42. Muracci’s, 244 State St, Los Altos
43. Katanaya, 430 Geary Blvd., San Francisco
44. Tadamasa, 34672 Alvarado Niles Road, Union City
45. Noodle Me, America’s Cup Village concession, San Francisco
46. Masa's Sushi, 400 San Antonio Road, Mountain View
47. Ippuku, 2130 Center St, Berkeley
48. Nombe, 2491 Mission St, San Francisco
49. Gochi, 19980 Homestead Rd, Cupertino
50. Shimo Modern Steakhouse, 241 Healdsburg Ave, Healdsburg (closed)
51. Oyaji, 3123 Clement St, San Francisco
52. Ramen Misoya, 3541 Homestead Rd, Santa Clara
53. Chubby Noodle, 570 Green St, San Francisco
54. Ame Restaurant, 689 Mission St, San Francisco
55. Yu-Raku, 104 S El Camino Real, San Mateo
56. Namu, 439 Balboa St, San Francisco (moved)
57. Halu Restaurant, 312 8th Ave, San Francisco
58. Sanmi, 3226 Geary Blvd, San Francisco (closed)
59. Hatcho, 1271 Franklin Mall, Santa Clara
60. Kahoo, 4330 Moorpark Ave, San Jose
61. Tomoe, 810 3rd St, San Rafael (closed)
62. Ringer Hut, 1072 Saratoga Ave, San Jose
63. Noodle Theory, 3242 Scott St, San Francisco (closed)
64. Ramen Seas, 173 S Murphy Ave, Sunnyvale
65. Watami Shabu Shabu and Ramen, 5344 Geary Blvd, San Francisco (closed)
66. Where’s Buta by Elgin Espiritu and June Lee, Eat Real Festival, Oakland
67. Kumako, 211 E. Jackson Street, San Jose
68. Japanese Restaurant Hoshi, 246 Saratoga Avenue, Santa Clara
69. Ramen Club, 723 California Dr, Burlingame
70. Saiwaii Ramen, 2240 Irving St, San Francisco
71. Ryowa, 2068 University Ave, Berkeley (after ownership change)
72. King Won Ton, 1936 Irving St, San Francisco
73. Tazaki Sushi, 3420 Judah St, San Francisco
74. Ramen Rama, 19774 Stevens Creek Blvd, Cupertino (closed)
75. Ogi-San Ramen, 10789 Blaney Ave, Cupertino (closed)
76. Kaimuki Grill, 104 S El Camino Real, San Mateo (closed)
77. Tanto, 1306 Saratoga Ave, San Jose (now Dan Izakaya)
78. Okazu Ya SF (Noriega), 2445 Noriega St, San Francisco
79. King's Garden Ramen, 39055 Cedar Blvd, Newark (closed)
80. Sushi Bistro, 445 Balboa St, San Francisco (closed, moved)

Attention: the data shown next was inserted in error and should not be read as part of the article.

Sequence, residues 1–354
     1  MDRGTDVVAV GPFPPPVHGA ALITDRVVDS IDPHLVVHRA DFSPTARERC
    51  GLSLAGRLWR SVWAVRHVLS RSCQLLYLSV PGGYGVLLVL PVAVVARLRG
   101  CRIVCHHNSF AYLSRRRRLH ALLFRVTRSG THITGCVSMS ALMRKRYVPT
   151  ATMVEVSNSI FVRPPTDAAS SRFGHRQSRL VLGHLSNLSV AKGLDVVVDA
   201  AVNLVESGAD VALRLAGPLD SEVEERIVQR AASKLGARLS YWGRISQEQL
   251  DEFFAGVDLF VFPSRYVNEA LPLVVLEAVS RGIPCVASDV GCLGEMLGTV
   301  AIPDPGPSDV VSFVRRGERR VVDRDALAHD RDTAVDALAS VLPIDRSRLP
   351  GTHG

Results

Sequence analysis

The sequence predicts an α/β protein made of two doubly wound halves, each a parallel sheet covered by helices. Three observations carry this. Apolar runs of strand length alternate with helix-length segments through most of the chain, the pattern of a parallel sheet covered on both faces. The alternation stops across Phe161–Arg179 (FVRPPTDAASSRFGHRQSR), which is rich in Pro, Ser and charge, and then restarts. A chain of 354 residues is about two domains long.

81. Genki Ramen, 3944 Geary Blvd, San Francisco
82. Mitsuwa Hokkaido festival booth, 675 Saratoga Ave, San Jose
83. Dan Izakaya, 1306 Saratoga Ave, San Jose
84. Lakuni, 325 E 4th Ave, San Mateo
85. 100% Healthy Desserts, 1155 Taraval St., San Francisco
86. Mifune, 1737 Post St, San Francisco
87. H2A Noodle, 42318 Fremont Blvd., Fremont (closed)
88. Iroha, 1728 Buchanan St, San Francisco (closed)
89. Chotto, 3317 Steiner St, San Francisco
90. Miraku Noodles, 2131 N Broadway, Walnut Creek
91. Manpuku, 2977 College Ave, Berkeley
92. Tanpopo, 1740 Buchanan Street, San Francisco
93. Sushi Yoshi, 39261 Cedar Blvd, Newark
94. La Shang Niang Ramen (OEC), 42 Dixon Rd, Milpitas (closed)
95. Oidon, 71 E. 4th Avenue, San Mateo
96. Taraval Okazu Ya, 1735 Taraval St., San Francisco
97. Suzu Noodle House, 1581 Webster Street, San Francisco
98. Bushido Izakaya, 156 Castro St, Mountain View
99. Fresh Taste, 2107 El Camino Real, Palo Alto
100. Asuka Ramen, 883 Bush St, San Francisco (closed)
101. Sapporo-ya, 1581 Webster St, San Francisco
102. Tokyo Ramen, 678 Barber Lane, Milpitas (closed)
103. Ramen Tomo, 4390 Telegraph Ave, Oakland
104. Kamakura, 2549 Santa Clara Ave, Alameda
105. Mama-san!, 312 8th Ave, San Francisco (closed)
106. Katana-ya Ramen, 10546 San Pablo Ave, El Cerrito
107. Hotei, 1290 9th Ave, San Francisco
108. Bear's Ramen House, 2521 Durant, Berkeley
re: Melanie Wong
I mean this in the nicest possible way, but based on that rather lengthy list of personal ramen ranking, you really owe it to yourself to go to Tokyo.
It kind of reminds me of my list of shitty Mexican or Pho places I used to go to for a desperate taste of home while living in Tokyo. Cheering when someone opened a mediocre Chipotle rip off in Roppongi is not something to be proud of. Neither is crying tears of hopelessness into your bowl of ramen while in Santa Clara or San Mateo.